You may be familiar with meditation.
You may have even tried it in the past and decided it wasn’t for you. But did you know there are several different types of meditation?
For many people in addiction recovery, meditation has proven to be a beneficial practice to maintaining their sobriety. Mindfulness, mantra, zen, awareness, walking, and loving kindness are several of the more commonly used types of meditation practiced in recovery.
The Benefits of Meditation in Recovery
Used by different cultures all over the world for centuries, meditation is a set of techniques a person uses to focus their mind, gain a healthy perspective, and reach a better state of awareness. Although it is used by many religions as a way to achieve enlightenment and connect with a higher power, you do not have to be religious to practice it.
Recovery from an addiction is an ongoing process. The disease affects the entire person physically, spiritually, and mentally. The practice of meditation benefits all three of those areas.
- Physically: Meditation lowers blood pressure, increases the production of serotonin resulting in improved behavior and mood, increases energy levels, and decreases pain related to tension.
- Spiritually: Meditation helps people in recovery get better in touch with their mind and body, increases consciousness and intuition, and furthers their personal transformation. It also fosters an increase in happiness, oneness, creativity, and open-mindedness.
- Mentally: Meditation helps to improve emotional stability and focus, increase calmness and peace of mind, decrease stress and anxiety, and provide relaxation.
What Is Loving Kindness Meditation?
Many times, when a person is struggling with an addiction, they neglect the needs of their loved ones. They often act selfishly as their behaviors and thoughts are focused on their drug of choice. A type of Buddhist meditation, loving kindness meditation (also known as Metta meditation) develops the quality of loving acceptance of oneself and others. It focuses on developing feelings of kindness, goodwill, and warmth.
The basic emotions of kindness, compassion, and empathy are often buried deep inside a person addicted to drugs or alcohol. They often have a bad attitude toward themselves, experience negative thought patterns, and have feelings of self-loathing.
When loving kindness meditation is practiced on a regular basis, it can make relationships more meaningful and take away the confusion and pain from a mind that is troubled. It gives the person a chance to experience the positive emotions associated with being compassionate and giving love as they reconnect with loved ones. According to Greater Good in Action at the University of California, Berkeley, one of the most direct routes to happiness is kindness.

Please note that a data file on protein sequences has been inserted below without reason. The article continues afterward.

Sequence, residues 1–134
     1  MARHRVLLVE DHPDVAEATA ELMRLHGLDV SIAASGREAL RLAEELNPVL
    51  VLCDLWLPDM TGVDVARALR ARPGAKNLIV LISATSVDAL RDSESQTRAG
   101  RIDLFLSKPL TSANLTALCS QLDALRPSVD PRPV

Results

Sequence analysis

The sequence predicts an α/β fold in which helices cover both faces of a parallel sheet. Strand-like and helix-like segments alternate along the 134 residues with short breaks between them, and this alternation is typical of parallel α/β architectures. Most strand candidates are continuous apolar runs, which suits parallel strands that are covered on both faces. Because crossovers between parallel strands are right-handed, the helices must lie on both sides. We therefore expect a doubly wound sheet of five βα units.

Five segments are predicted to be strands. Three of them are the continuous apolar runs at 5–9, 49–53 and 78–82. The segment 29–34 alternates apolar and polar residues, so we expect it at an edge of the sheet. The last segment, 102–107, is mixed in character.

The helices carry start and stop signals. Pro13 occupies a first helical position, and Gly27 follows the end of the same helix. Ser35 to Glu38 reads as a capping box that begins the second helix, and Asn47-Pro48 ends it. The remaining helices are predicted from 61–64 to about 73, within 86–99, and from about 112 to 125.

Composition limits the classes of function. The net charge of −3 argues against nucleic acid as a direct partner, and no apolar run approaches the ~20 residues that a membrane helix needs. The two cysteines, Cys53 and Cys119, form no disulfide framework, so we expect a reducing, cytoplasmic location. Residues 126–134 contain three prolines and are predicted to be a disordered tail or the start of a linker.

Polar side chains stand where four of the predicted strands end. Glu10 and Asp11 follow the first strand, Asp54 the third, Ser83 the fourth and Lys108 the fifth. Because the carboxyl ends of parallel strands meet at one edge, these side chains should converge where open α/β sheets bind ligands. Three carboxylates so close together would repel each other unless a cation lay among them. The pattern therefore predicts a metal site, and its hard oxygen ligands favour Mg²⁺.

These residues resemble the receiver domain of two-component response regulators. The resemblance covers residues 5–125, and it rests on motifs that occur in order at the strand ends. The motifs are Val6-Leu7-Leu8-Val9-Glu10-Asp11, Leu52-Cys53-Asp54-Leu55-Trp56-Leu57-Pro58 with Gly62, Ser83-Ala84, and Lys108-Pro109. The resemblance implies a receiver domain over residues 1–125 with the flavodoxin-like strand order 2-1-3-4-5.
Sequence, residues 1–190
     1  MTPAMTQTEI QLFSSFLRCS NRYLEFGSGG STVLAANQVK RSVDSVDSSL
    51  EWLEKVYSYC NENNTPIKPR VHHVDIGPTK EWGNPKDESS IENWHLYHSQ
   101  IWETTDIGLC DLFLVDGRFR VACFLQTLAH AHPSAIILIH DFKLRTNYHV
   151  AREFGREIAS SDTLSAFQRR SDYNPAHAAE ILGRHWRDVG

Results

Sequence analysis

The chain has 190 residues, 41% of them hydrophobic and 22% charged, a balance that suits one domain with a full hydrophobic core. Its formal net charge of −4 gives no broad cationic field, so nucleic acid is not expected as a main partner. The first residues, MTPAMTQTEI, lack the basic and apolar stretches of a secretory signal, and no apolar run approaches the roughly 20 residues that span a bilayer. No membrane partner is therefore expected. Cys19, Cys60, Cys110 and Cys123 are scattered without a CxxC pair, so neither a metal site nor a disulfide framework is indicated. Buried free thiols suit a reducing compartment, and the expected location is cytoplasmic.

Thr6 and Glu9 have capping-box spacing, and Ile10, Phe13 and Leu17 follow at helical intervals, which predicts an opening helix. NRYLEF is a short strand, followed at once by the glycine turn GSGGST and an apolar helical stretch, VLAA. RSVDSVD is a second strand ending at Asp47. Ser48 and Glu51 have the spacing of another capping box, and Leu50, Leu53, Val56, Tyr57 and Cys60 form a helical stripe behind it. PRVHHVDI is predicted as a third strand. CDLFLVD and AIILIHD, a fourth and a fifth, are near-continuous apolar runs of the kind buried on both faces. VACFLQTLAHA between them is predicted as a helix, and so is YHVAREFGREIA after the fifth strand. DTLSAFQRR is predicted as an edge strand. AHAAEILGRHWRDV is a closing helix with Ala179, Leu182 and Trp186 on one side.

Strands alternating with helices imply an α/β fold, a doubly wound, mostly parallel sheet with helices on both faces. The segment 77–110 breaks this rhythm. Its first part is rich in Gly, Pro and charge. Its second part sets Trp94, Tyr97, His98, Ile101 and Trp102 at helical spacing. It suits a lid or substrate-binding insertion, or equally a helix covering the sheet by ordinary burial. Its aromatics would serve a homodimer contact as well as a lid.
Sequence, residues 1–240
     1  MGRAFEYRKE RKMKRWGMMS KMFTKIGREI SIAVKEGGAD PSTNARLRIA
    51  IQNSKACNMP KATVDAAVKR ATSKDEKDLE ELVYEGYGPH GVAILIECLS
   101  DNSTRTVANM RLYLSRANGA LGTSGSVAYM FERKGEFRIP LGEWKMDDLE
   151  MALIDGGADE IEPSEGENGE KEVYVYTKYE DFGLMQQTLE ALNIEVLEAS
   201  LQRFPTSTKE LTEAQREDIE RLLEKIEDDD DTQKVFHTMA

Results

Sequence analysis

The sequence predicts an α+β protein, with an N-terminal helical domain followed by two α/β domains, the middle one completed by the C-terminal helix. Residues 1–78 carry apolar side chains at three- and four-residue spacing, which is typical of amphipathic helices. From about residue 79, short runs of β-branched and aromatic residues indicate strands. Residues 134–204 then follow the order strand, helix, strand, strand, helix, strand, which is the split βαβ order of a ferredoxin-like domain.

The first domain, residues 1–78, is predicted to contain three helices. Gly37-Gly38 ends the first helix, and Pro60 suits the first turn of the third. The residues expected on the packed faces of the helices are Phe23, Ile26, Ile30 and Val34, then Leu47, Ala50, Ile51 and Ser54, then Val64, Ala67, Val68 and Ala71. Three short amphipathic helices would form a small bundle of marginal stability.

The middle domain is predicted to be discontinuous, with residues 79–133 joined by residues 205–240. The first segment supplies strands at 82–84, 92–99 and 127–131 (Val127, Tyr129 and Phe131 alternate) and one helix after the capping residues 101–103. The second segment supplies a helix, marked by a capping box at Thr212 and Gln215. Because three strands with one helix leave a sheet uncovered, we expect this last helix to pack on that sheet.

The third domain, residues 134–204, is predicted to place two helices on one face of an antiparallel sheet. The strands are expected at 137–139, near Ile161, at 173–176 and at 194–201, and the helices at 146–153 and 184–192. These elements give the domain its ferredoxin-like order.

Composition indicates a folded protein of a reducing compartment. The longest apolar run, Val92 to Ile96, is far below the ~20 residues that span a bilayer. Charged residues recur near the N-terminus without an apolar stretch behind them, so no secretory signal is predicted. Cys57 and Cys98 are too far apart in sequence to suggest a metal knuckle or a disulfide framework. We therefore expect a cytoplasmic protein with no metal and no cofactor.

An Example of a Loving Kindness Meditation
Jack Kornfield is an American who trained as a Buddhist monk in India, Burma, and Thailand. He became an expert on meditation and was one of the first people to bring mindfulness to the West. A beautiful example of a Loving Kindness Meditation taken from Kornfield’s book The Art of Forgiveness, Loving Kindness, and Peace can be found here.
The Benefits of Loving Kindness Meditation in Recovery
There are numerous benefits of loving kindness meditation. It decreases negative emotions and increases positive ones. Studies have shown that feelings of love, contentment, pride, interest, hope, joy, awe, and amusement increased after less than two months of practice. These feelings resulted in individuals experiencing an increase in mindfulness, social support, and purpose in life. During that time, symptoms of depression and anxiety decreased.
Additional benefits of loving kindness meditation include:
- Decreases chronic pain, migraines, schizophrenia-spectrum disorders, and PTSD
- Strengthens and activates areas in the brain that control emotional intelligence and empathy
- Increases the volume of gray matter in the brain responsible for emotion regulation
- Slows down the biological aging process
- Increases empathy, compassion, and social connection
- Makes the person more helpful
- Decreases the person’s bias towards others
- Curbs the person’s feelings and thoughts of self-criticism
- Increases respiratory sinus arrhythmia (RSA), which occurs when the heart rate relates to the breathing cycle
For a person in recovery, the benefits of loving kindness meditation are enduring and long-lasting.
If You Need Help
If you or a loved one has an addiction to drugs or alcohol, there is help available. By taking the first step and calling a professional staff member at Canyon Vista Recovery Center in, Mesa, Arizona, you are one step closer to living a healthy and sober life.
At Canyon Vista, you will find the tools you need for a lasting recovery. Our program combines medical, clinical, psychiatric, and holistic approaches to provide guests with the foundation for lasting sobriety.
Learn more about programs offered at Canyon Vista Recovery Center, addiction help in Mesa AZ. Contact us at